|by AkG | July 5, 2009|
Before we continue: Please remember that opening any SSD will effectively void your warranty.
To open the Vertex up you have to remove four screws, and a single sensible precautionary “warranty void” sticker to get at one of the screws.
Even on just a quick glance at the board one can easily distinguish this board from the Falcon's, as this is green PCB and the Falcon was blue. However, when you take a close look….it as Yogi Berra once said "This is like déjà vu all over again." as this is the exact same layout as the Falcon. At one end you have the data and power ports (and the ingenious jumper pins), then the RAM and Barefoot controller slightly in from it followed by your typical double row of flash chips, with another double row of 4 on the other side. In grand total you have 16 flash chips, one RAM chip and one Indilinx Barefoot controller chip….just like the G. Skill Falcon.
The I/O controller chip is of course none other than the Indilinx “Barefoot” IDX110 controller. This is the secret sauce that made the Vertex famous and we are happy to report that unlike earlier drives, this Vertex came with the Indilinx IDX110M00-LC (with emphasis on the LC) and not the older -FC. It seems our hunch on the -FCs version being phased out and ALL Vertex’s (EX or not) having the newer chip was correct.
The Indilinx IDX110 is an ARM based controller with native SATA 3.0Gb/s, supports capacities of up to 512GB, is rated for speeds of 230MB/Sec read and 190MB/s writes. Also and just as importantly unlike the JMicron line of controllers this bad boy also supports up to 64MB of RAM for stutter free operation. On paper this is certainly a potent brew and we are itching to see how it fares in both the synthetic and real world tests.
The Ram which helps the Barefoot go stutter free is made by Elpida. To be specific this single 64MB SDRAM chip is S51321CBH-6DTT-F, though the actual Elpida part number is the EDS51321CBH-M-F. This ram chip is rated to run at 166MHZ at CL3 and is rated for an operating temperature range of 20°C to 85°C. Or as is becoming a regular theme…it’s the exact same Ram chip as we found in the Falcon.
The MLC NAND chips used in the Vertex are Samsung K9HCG08U1M-PCB0. Once again we, using the online Samsung model decoder we can see these chips are 48 pin 3bit MLC Quad Die Package, 1st gen lead free (ROHS compliant), 2.7V ~ 3.6V, 25 nanosecond NAND chips which operate with Dual nCE (Dual Chip Enable control) & Dual R/nB (Dual Ready/Busy Output). This model is rated at a density of 64Gbits or 8GB per chip and a operating temperature range of 0° to 70°C. Above the model number (and as stated earlier) we can see these were made in the 10th week of 2009 and below it we can see the batch number “CAL37102” (or at least what we assume is the batch number but is describe by Samsung vaguely as “Customer List Reference” only). However, the chips on the backside of the board were made earlier in the 7th week of 2009, but are the exact same model. While we prefer to see all the chips be from the same batch this is obviously not the case with this particular Vertex. It will be interesting to see if these slight differences in batches will have any effect on the performance of the Vertex versus the G. Skill Falcon.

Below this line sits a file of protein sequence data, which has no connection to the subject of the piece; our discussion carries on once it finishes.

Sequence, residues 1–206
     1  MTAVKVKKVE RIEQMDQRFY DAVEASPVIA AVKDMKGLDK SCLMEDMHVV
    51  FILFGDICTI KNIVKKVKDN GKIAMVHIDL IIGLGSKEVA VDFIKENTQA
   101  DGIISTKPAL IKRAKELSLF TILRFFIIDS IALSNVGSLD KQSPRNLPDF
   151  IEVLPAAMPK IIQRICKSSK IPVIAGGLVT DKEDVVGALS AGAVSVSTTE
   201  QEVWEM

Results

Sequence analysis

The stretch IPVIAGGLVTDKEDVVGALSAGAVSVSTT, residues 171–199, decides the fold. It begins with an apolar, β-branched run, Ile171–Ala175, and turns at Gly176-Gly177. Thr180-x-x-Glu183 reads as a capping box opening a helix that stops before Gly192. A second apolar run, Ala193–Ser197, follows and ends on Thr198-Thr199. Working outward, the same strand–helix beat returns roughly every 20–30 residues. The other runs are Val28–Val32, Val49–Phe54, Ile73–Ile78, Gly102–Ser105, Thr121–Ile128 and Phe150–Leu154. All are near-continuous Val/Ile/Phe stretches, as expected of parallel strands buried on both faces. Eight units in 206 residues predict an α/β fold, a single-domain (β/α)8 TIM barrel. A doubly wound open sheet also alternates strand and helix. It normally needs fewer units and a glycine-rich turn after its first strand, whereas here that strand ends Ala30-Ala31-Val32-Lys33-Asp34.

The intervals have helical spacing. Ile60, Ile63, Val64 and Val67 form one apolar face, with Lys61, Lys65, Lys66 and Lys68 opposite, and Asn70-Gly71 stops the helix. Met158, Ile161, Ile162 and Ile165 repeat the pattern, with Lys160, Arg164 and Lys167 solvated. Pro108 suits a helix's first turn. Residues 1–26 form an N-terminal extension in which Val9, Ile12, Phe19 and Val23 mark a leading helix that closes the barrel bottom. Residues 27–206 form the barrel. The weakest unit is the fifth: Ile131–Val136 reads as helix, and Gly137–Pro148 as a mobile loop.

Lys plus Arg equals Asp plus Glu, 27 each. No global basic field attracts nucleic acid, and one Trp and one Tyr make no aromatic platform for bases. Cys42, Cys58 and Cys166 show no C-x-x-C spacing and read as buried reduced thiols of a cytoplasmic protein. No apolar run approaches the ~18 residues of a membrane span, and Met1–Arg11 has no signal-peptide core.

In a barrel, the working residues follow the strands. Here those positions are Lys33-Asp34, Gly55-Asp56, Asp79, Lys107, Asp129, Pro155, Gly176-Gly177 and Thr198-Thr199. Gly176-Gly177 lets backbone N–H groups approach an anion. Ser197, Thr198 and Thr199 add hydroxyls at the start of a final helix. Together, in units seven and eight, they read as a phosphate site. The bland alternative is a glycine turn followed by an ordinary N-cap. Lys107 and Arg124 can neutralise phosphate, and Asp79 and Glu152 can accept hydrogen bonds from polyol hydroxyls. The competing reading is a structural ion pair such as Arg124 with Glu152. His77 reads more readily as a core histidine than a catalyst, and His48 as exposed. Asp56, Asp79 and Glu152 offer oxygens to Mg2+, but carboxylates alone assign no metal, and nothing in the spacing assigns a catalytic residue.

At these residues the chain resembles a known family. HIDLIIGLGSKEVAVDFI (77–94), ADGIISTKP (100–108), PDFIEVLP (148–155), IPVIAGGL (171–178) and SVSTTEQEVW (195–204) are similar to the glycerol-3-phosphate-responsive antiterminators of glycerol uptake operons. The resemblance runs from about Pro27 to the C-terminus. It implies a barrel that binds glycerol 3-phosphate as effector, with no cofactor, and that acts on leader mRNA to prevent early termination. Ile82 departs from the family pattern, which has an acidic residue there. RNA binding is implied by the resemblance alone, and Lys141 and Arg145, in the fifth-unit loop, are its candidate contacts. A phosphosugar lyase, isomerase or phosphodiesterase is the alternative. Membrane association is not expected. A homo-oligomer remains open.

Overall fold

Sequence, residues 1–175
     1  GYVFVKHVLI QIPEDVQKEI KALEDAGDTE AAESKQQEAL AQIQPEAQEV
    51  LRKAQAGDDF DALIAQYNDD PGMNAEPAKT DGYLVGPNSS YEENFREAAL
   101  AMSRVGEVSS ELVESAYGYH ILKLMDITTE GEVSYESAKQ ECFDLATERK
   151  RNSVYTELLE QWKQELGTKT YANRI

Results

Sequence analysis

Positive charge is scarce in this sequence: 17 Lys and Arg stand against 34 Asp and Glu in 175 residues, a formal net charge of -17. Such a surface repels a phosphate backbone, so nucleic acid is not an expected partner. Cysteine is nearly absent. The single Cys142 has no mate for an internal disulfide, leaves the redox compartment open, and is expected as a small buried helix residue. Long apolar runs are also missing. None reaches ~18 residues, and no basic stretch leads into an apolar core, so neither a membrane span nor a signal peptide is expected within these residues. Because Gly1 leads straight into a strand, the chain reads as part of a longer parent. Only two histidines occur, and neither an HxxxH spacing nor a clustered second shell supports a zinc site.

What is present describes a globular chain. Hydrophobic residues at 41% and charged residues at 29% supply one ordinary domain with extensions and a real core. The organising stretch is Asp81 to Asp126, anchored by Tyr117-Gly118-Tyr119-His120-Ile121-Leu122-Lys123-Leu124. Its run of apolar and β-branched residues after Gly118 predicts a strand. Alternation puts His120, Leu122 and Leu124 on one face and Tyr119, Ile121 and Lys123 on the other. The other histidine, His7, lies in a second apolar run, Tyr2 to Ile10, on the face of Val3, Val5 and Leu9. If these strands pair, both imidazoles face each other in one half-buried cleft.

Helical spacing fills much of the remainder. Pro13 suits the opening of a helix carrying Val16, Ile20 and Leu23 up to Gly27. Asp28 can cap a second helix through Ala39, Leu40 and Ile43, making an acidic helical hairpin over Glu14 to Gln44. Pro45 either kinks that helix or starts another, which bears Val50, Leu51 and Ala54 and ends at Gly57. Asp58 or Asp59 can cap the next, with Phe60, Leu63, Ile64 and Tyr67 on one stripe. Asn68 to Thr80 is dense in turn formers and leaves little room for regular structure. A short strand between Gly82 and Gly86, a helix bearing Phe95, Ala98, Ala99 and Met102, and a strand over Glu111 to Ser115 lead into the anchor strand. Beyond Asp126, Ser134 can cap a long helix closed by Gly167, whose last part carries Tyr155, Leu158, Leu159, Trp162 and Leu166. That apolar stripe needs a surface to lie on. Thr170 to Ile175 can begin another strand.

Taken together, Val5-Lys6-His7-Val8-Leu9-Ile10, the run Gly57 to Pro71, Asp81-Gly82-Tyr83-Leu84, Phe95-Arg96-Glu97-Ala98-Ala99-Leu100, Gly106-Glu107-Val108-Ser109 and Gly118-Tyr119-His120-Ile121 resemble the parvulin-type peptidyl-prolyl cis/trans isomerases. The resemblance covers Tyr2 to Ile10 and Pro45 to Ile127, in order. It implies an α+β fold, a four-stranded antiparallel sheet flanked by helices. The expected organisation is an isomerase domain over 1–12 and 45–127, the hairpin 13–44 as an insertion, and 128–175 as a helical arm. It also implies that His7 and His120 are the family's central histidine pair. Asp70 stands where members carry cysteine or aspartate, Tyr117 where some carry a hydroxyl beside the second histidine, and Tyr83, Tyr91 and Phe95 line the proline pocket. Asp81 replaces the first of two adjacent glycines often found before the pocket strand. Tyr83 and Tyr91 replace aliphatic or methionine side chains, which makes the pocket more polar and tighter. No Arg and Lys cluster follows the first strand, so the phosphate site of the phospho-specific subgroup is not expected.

After looking long and hard at all the parts the only difference between the Vertex and the previously reviewed G. Skill Falcon is...nothing. Needless to say, we will be very surprised if this drive performs drastically different than the Falcon and most likely and minor variations will be due to slight variances from batch to batch found in all modern manufacturing process. We have to admit that our intial displeasure over the missing jumper has dissipated like the summer sun hitting morning dew.
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